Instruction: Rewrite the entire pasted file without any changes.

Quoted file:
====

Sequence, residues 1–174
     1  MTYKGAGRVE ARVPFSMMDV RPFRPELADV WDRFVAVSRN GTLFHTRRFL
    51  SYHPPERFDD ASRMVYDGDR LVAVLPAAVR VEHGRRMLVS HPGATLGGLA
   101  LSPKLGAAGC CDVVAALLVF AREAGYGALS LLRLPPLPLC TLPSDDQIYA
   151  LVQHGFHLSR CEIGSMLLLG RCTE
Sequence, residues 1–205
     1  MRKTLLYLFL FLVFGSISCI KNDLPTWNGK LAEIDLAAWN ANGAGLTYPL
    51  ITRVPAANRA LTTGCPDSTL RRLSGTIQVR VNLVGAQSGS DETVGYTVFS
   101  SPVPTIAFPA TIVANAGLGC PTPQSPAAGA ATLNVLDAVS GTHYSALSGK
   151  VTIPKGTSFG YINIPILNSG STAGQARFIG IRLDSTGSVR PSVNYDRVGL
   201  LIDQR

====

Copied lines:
Sequence, residues 1–174
     1  MTYKGAGRVE ARVPFSMMDV RPFRPELADV WDRFVAVSRN GTLFHTRRFL
    51  SYHPPERFDD ASRMVYDGDR LVAVLPAAVR VEHGRRMLVS HPGATLGGLA
   101  LSPKLGAAGC CDVVAALLVF AREAGYGALS LLRLPPLPLC TLPSDDQIYA
   151  LVQHGFHLSR CEIGSMLLLG RCTE
Sequence, residues 1–205
     1  MRKTLLYLFL FLVFGSISCI KNDLPTWNGK LAEIDLAAWN ANGAGLTYPL
    51  ITRVPAANRA LTTGCPDSTL RRLSGTIQVR VNLVGAQSGS DETVGYTVFS
   101  SPVPTIAFPA TIVANAGLGC PTPQSPAAGA ATLNVLDAVS GTHYSALSGK
   151  VTIPKGTSFG YINIPILNSG STAGQARFIG IRLDSTGSVR PSVNYDRVGL
   201  LIDQR